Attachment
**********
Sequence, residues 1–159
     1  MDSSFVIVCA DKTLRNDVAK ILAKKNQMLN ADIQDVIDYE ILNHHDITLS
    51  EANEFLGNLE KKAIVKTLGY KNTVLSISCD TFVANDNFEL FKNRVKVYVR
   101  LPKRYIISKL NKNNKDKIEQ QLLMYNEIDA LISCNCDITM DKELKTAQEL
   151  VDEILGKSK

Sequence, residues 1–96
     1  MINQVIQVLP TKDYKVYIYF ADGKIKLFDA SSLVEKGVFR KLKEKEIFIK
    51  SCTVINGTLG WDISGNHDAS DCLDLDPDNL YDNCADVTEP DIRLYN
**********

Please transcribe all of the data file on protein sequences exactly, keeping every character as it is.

Sequence, residues 1–159
     1  MDSSFVIVCA DKTLRNDVAK ILAKKNQMLN ADIQDVIDYE ILNHHDITLS
    51  EANEFLGNLE KKAIVKTLGY KNTVLSISCD TFVANDNFEL FKNRVKVYVR
   101  LPKRYIISKL NKNNKDKIEQ QLLMYNEIDA LISCNCDITM DKELKTAQEL
   151  VDEILGKSK

Sequence, residues 1–96
     1  MINQVIQVLP TKDYKVYIYF ADGKIKLFDA SSLVEKGVFR KLKEKEIFIK
    51  SCTVINGTLG WDISGNHDAS DCLDLDPDNL YDNCADVTEP DIRLYN